BBC Worldwide, Viacom and online broadcaster Channelflip have lodged appeals with Ofcom over ATVOD’s overbroad definition that practically all online video is somehow ‘TV-like’.
The video-on-demand censor claims the broadcasters are in breach of their rules for failing to register or pay an expensive censorship fee.
However, the broadcasters, along with publishers including News International, Guardian Media Group and Telegraph Media Group, have appealed to Ofcom, arguing that they should not have to pay.
Most of the appeals are about who should pay the fee, should it be the content providers eg Viacom or should it be the operating the Video on Demand service, eg Virgin Media.
BBC Worldwide are appealing that their BBC Food and Top Gear content distributed via YouTube is not ‘TV-like’.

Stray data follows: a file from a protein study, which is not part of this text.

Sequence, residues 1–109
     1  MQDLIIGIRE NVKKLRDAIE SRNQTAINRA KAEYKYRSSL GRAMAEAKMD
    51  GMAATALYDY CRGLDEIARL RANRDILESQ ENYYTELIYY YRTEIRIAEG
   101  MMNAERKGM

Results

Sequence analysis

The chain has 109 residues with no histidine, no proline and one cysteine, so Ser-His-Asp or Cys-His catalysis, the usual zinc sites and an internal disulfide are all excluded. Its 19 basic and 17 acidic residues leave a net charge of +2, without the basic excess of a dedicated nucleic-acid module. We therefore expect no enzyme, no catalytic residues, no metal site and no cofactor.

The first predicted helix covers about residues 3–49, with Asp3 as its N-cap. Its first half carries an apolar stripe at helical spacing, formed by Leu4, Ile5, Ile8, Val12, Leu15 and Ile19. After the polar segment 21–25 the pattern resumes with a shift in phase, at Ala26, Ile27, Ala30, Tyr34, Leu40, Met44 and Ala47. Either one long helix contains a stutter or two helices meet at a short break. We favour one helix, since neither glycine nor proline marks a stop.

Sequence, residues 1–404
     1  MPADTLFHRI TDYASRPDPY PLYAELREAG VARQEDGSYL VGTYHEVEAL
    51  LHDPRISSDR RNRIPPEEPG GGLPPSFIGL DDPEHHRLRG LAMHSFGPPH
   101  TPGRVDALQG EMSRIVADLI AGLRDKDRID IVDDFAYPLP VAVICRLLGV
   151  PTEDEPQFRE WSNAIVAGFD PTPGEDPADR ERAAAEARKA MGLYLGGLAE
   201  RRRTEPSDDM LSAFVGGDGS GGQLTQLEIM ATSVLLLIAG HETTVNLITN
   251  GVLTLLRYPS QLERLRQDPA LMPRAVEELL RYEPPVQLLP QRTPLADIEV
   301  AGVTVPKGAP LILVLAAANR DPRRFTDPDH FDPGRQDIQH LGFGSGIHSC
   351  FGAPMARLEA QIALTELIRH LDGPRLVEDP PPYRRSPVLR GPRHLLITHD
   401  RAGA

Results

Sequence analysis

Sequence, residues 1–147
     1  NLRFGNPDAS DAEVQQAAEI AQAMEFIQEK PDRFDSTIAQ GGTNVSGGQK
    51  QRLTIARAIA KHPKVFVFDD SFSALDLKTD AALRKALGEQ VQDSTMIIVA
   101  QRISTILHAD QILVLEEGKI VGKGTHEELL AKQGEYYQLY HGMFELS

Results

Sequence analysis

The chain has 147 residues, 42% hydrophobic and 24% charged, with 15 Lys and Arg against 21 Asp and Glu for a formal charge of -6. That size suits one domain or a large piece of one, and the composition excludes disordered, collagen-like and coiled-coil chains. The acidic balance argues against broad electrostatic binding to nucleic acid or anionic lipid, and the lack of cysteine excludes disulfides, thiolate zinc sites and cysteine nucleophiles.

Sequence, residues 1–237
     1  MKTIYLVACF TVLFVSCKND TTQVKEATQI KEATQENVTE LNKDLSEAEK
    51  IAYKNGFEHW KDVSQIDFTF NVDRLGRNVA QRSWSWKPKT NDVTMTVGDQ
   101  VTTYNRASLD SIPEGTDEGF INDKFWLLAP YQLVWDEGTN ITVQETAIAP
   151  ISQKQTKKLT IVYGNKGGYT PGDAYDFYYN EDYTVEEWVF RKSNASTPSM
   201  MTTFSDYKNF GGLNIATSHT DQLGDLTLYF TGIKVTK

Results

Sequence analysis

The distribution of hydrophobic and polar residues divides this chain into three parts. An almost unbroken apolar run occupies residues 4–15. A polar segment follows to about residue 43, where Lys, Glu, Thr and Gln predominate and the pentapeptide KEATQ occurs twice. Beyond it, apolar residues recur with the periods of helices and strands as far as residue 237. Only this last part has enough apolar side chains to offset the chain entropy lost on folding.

Channelflip founder Wil Harris, references he government’s impossible promise to limit new red tape that is suffocating British business as he questioned: whether hamstringing an entrepreneurial provider of new media is the best way to ensure that we are on a level playing field with broadcasters.
The big companies mentioned above must be particularly pissed off that their massively expensive censorship fees will be mostly used to harangue a multitude of hardcore porn websites into demanding credit card details to verify readers’ ages.